Canelo is respectful but less soulful than Cotto. Soulfulness, however, doesn’t win fights.

“I’m honored to be fighting a fighter like Miguel Ángel Cotto,” he said. “I’m looking forward to it because I know it can go down in history as one of the great fights between Mexico and Puerto Rico. He’s had an illustrious career. He’s a tremendous fighter with tremendous experience. I’ve always liked watching him fight; his style, his boxing. It’s a great honor and I’m thankful to God that this fight is happening. This is a fight that I’ve been craving, I’ve been wanting. Without a doubt, this is a fight. We are both coming to win. We are both going to fight. Without a doubt, this is a fight for real.”

The same cannot be said for the WBC’s capricious and/or calculated decree.

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  1. KB 07:35pm, 11/19/2015

    The undercard makes this a stinker.

  2. AkT 06:06am, 11/19/2015

    I love Miguel Cotto. But I genuinely feel that he may get soundly beaten unless he boxes and moves very well. I doubt he’ll do that though it’s Mexico vs Puerto Rico - the ugly macho rivalry may raise it’s head.

  3. Irish Frankie Crawford Beat Saijo aka Gimpel 07:28am, 11/18/2015

    The best thing here for both would be a hard fought and very close FOTY candidate that warranted a big money rematch. The fans get their money’s worth, these guys get well earned big bucks and both are spared career changing/ending KOs by GGG.

  4. Mike Silver 11:01pm, 11/17/2015

    The WBC wants Cotto to ante up a $300,000 sanctioning fee! For what? The right to wear their dime store title belt? That is not only absurd, it is obscene. He is right to refuse to pay. The fact that boxing has not rid itself of these extortionist leeches after all these years is a damning indictment of this so called “sport”.

  5. FrankinDallas 05:29pm, 11/17/2015

    Canelo was what? 22 yrs old when he fought Mayweather?
    Maybe the result was “abysmal” because of the defensive talents of
    Floyd, rather than any inadequacy on the part of Alvarez. Possibly.

  6. Irish Frankie Crawford Beat Saijo aka Gimpel 04:57pm, 11/17/2015

    Let me get this straight….Pacquiao, juiced though he may have been, beat Miguel to a bloody pulp…..boring ass Floyd beat both of these guys and Pacquiao soundly, yet the winner here will be ready for GGG?!

  7. Koolz 04:28pm, 11/17/2015

    I only see Cotto winning this fight if he is able to frustrate and make Canelo miss for six rounds. 
    I think it will be a KO by Canelo to Cotto in the eighth round.

    Yet maybe there is some magic in Cotto from Roach and he is able to fight at angles and use Upper cuts and Hooks to take Canelo down.

    I am looking forward to this fight!
    Neither of these fighters were fighting Golovkin.

  8. CJ Benz10 04:01pm, 11/17/2015

    Lol… Coto choose to relinquished his title to avoid Golovkin. It is a clear move Golovkin as WBC silver champion who ever the holder of the built will be GGG next victim. Its clear that either Coto and Alvares will certainly duck GGG.

  9. KB 12:32pm, 11/17/2015

    BTW, If there was any fight of the year, it was Rodrigues over Seals last Saturday

  10. KB 12:26pm, 11/17/2015

    http://www.boxing.com/canelo_vs._cotto_prediction.html

    As for Politicians, how did you make the jump from Canelo to Politicians? You often seem to tout what certain boxing people say—Atlas, Roach, . I’m just saying that I’m sick of all this “Cotto Soul” and MSG being his second home.  Do with that what you want. Me, I’ll place my bet in LV, light up a Cohiba (from David Diamanté‘s, sip on some expensive Cognacs, and enjoy the slaughter.  That is, unless Rigo doesn’t put me to sleep with his “exciting” style and I miss the whole show.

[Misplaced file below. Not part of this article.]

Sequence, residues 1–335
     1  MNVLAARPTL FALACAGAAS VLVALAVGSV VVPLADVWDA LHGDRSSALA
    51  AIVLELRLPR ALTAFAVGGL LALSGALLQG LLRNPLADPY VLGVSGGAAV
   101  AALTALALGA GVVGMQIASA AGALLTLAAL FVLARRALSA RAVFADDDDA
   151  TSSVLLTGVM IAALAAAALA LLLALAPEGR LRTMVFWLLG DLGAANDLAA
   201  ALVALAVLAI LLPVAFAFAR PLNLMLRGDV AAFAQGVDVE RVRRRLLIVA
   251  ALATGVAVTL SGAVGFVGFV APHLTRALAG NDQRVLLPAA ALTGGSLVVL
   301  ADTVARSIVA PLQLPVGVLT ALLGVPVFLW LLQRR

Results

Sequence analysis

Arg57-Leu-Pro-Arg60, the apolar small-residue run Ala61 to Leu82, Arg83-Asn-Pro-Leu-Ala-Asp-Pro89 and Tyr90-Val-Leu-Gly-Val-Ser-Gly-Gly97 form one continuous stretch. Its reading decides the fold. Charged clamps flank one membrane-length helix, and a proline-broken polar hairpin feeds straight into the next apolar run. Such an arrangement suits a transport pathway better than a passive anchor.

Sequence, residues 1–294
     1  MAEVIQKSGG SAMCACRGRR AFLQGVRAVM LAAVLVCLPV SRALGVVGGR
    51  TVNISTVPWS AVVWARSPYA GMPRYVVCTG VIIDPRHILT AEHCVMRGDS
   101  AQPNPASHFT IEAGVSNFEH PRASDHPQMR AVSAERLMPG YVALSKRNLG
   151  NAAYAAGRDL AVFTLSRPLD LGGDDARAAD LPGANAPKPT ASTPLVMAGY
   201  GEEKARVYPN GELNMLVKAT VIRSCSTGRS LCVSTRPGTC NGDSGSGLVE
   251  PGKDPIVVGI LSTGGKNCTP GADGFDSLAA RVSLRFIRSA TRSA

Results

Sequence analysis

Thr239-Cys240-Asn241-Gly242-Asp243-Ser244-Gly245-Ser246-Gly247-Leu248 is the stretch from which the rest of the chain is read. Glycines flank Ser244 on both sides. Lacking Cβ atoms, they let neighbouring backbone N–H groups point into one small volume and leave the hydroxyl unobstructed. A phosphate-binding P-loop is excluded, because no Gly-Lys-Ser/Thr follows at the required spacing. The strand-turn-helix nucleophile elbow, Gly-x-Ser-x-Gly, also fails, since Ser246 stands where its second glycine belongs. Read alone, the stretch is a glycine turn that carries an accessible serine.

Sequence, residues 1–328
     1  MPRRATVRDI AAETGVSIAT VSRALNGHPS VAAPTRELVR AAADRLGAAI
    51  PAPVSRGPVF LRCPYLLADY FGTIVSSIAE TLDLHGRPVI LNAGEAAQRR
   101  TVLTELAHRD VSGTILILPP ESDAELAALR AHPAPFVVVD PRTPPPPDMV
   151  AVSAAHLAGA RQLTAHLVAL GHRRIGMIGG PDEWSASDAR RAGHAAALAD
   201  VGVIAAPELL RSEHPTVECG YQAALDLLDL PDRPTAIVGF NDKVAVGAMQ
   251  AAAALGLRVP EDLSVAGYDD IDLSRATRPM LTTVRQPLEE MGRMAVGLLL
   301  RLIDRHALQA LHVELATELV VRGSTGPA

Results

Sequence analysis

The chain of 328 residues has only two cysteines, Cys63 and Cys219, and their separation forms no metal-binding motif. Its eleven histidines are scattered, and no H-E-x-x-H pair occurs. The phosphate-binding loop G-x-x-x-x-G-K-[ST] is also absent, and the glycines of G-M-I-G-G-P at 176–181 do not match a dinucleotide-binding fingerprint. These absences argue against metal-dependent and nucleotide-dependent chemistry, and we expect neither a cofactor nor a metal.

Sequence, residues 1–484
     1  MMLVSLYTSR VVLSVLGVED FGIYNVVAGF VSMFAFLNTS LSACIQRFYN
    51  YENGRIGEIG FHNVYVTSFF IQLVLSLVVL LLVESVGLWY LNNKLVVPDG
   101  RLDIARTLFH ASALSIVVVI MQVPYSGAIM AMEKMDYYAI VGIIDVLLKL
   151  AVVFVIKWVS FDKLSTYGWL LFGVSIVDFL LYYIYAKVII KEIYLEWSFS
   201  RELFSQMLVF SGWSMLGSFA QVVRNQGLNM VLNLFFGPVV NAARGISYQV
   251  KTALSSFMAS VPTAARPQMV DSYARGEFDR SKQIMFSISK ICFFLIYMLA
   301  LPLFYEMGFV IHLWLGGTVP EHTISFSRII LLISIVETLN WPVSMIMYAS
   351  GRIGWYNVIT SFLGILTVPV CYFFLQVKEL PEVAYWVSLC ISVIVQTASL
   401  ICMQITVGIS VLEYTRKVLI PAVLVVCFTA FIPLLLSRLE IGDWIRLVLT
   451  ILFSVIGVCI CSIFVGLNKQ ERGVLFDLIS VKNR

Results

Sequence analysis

.

    Clarence, POINT TAKEN.

  11. Robert Ecksel 12:12pm, 11/17/2015

    I don’t mind a little mind-reading now and then, but I don’t presume to know what motivates Cotto and Canelo. Just because Canelo says it’s all about his legacy doesn’t mean it’s true. What next? Are we going to start believing everything politicians say?

  12. Clarence George 12:00pm, 11/17/2015

    It’s not Alvarez who’s abysmal, but his performance against Mayweather.  I fully expect him to win on Saturday.

  13. KB 11:52am, 11/17/2015

    Abysmal, really? I Think after Canelo sedates Cotto on Saturday night, we will see just how abysmal he is. As for the scoring, what are the alternatives?

    Please, spare me,  I get all this “soulfulness” about Cotto but Canelo is pretty mature as well and knows what this fight can mean to him. Cotto wins, he wins. Cotto loses, he wins. It’s about money. And only money.

    Not the same for Canelo.

  14. Clarence George 11:07am, 11/17/2015

    Maybe Cotto didn’t exactly shine against Mayweather, but Alvarez’s performance was abysmal.  That 114-114 was a joke.

  15. Robert Ecksel 10:38am, 11/17/2015

    Is there a less reliable barometer of a fight than the judges’ scorecards? Mayweather’s fight with Cotto was somewhat competitive. Some impartial observers even thought he might have won. But Canelo looked lost when he fought Floyd, the disgraced former boxing judge C.J. Ross’ 114-114 notwithstanding.

  16. kb 10:15am, 11/17/2015

    if Canelo looked like a schoolboy in the ring with Mayweather, what did Cotto look like?  Cotto The judges scored the fight a unanimous decision for Mayweather by scores of 118–110, 117–111, and 117–111

    Canelo: 116-112, 117-111, 114-114

  17. Clarence George 10:03am, 11/17/2015

    Huh?!  The likeliest inference is that Cotto refused to pay the sanctioning fee.  But what I don’t get is why only Alvarez has a shot at winning the title.  The title’s now vacant, right?  Can’t either man win a vacant title?  Well, I can’t even pretend to have the slightest idea what the hell is going on with boxing anymore.  It’s just all so cuckoo for Cocoa Puffs.